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United States v. Van Buren

United States Court of Appeals for the Eleventh Circuit

October 10, 2019, Decided

No. 18-12024


 [*1196]  ROSENBAUM, Circuit Judge:

Perhaps Dudley Field Malone said it best when he opined, "One good analogy is worth three hours' discussion."2 Or in this case, 15 pages of discussion. See infra at pp. 9-23.

Take, for example, this case.

"[A] lawsuit before a court" is a pretty big deal to most people. But a generic "question" or "matter," in common usage, maybe not so much.

That impression may change, though, if we clarify [**2]  what we mean by "question" or "matter" in a specific context by analogizing to something else. So if we say that, for our purposes, to qualify as a "question" or a "matter," the question or matter must be of the same significance or scope as "a lawsuit before a court," a person would understand that we are not talking about just any old question or matter; we are referring to only questions or matters on the same scale as "a lawsuit before a court." To use a metaphor, the analogy here is a bridge to understanding.

In this case, though, that bridge was never built. The government charged Nathan Van Buren with honest-services fraud (through bribery) for undertaking an "official act" in his capacity as a police officer, in exchange for money. At the close of the evidence, the district court instructed the  [*1197]  jury that an "official act" is a decision or action on a "question" or "matter." But it did not inform the jury that the "question" or "matter" in this context must be comparable in scope to a lawsuit, hearing, or administrative determination. The jury convicted Van Buren.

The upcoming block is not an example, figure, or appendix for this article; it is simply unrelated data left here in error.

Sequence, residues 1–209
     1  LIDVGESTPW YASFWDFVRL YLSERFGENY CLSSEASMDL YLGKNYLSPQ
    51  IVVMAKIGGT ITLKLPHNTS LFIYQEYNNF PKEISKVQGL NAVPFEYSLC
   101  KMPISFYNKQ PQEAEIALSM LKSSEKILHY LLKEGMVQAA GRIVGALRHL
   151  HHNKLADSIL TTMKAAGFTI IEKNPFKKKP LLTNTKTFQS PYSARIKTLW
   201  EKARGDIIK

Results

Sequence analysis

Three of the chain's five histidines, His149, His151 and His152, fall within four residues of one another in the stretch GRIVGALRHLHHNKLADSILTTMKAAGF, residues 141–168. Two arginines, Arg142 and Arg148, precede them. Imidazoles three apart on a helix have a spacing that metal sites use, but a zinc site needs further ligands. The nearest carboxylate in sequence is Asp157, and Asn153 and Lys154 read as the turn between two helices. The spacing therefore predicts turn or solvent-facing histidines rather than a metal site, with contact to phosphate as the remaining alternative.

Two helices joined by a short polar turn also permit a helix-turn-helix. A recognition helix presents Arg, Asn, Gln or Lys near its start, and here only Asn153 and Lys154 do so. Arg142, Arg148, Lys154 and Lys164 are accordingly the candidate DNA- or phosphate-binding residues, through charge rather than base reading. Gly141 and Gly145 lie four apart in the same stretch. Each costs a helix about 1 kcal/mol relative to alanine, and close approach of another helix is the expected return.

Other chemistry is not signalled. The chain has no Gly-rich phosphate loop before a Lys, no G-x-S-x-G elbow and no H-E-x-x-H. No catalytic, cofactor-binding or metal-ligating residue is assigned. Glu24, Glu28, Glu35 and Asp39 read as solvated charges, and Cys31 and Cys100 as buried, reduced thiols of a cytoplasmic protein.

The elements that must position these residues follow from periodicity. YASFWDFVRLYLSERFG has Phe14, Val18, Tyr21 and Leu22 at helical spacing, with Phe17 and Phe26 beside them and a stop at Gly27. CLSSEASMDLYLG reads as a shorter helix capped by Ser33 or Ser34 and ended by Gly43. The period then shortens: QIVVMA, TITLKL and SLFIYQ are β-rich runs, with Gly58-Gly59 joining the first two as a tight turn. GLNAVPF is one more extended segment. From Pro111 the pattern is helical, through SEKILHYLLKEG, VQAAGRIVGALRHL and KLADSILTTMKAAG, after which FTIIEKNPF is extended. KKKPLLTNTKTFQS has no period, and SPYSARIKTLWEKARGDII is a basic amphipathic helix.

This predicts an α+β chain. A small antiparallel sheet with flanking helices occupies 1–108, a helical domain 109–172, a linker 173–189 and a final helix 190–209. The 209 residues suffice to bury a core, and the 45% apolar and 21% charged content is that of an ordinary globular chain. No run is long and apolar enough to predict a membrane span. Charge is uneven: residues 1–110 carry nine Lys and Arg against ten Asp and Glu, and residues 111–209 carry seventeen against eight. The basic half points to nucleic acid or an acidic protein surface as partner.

Since the jury was not instructed with the crucial analogy limiting the definition of "question" or "matter," and [**3]  because the government itself did not otherwise provide the missing bridge, we cannot be sure beyond a reasonable doubt that the jury convicted Van Buren of the offense that Congress criminalized when it enacted the honest-services-fraud and bribery statutes. For this reason, we must vacate Van Buren's honest-services-fraud conviction and remand for a new trial on that count. Van Buren was also charged with and convicted of computer fraud, and we affirm that conviction.

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940 F.3d 1192 *; 2019 U.S. App. LEXIS 30346 **; 28 Fla. L. Weekly Fed. C 455; 2019 WL 5078229

UNITED STATES OF AMERICA, Plaintiff - Appellee, versus NATHAN VAN BUREN, Defendant - Appellant.

Subsequent History: US Supreme Court certiorari granted by Van Buren v. United States, 2020 U.S. LEXIS 2336 (U.S., Apr. 20, 2020)

Prior History:  [**1] Appeal from the United States District Court for the Northern District of Georgia. D.C. Docket No. 1:16-cr-00243-ODE-JFK-1.

United States v. Van Buren, 2017 U.S. Dist. LEXIS 29024 (N.D. Ga., Mar. 1, 2017)



official act, lawsuit, convicted, district court, public official, computer fraud, bribery, tag, administrative determination, governmental powers, recordings, questions, database, requested instruction, computer-fraud, instructions, good-faith, qualify, instruct a jury, honest-services-fraud, honest-services, conversation, searched, jury instructions, financial gain, new trial, analogy, woman, plate number, misdemeanor

Criminal Law & Procedure, Appeals, Standards of Review, Abuse of Discretion, De Novo Review, Jury Instructions, Sufficiency of Evidence, Conclusions of Law, Bribery, Public Officials, Elements, Reversible Error, Harmless & Invited Error, Harmless Error, Governments, Courts, Judicial Precedent, Fraud, Computer Fraud, Jury Instructions, Particular Instructions, Lesser Included Offenses, Constitutional Law, Fundamental Rights, Criminal Process, Right to Confrontation, Trials, Defendant's Rights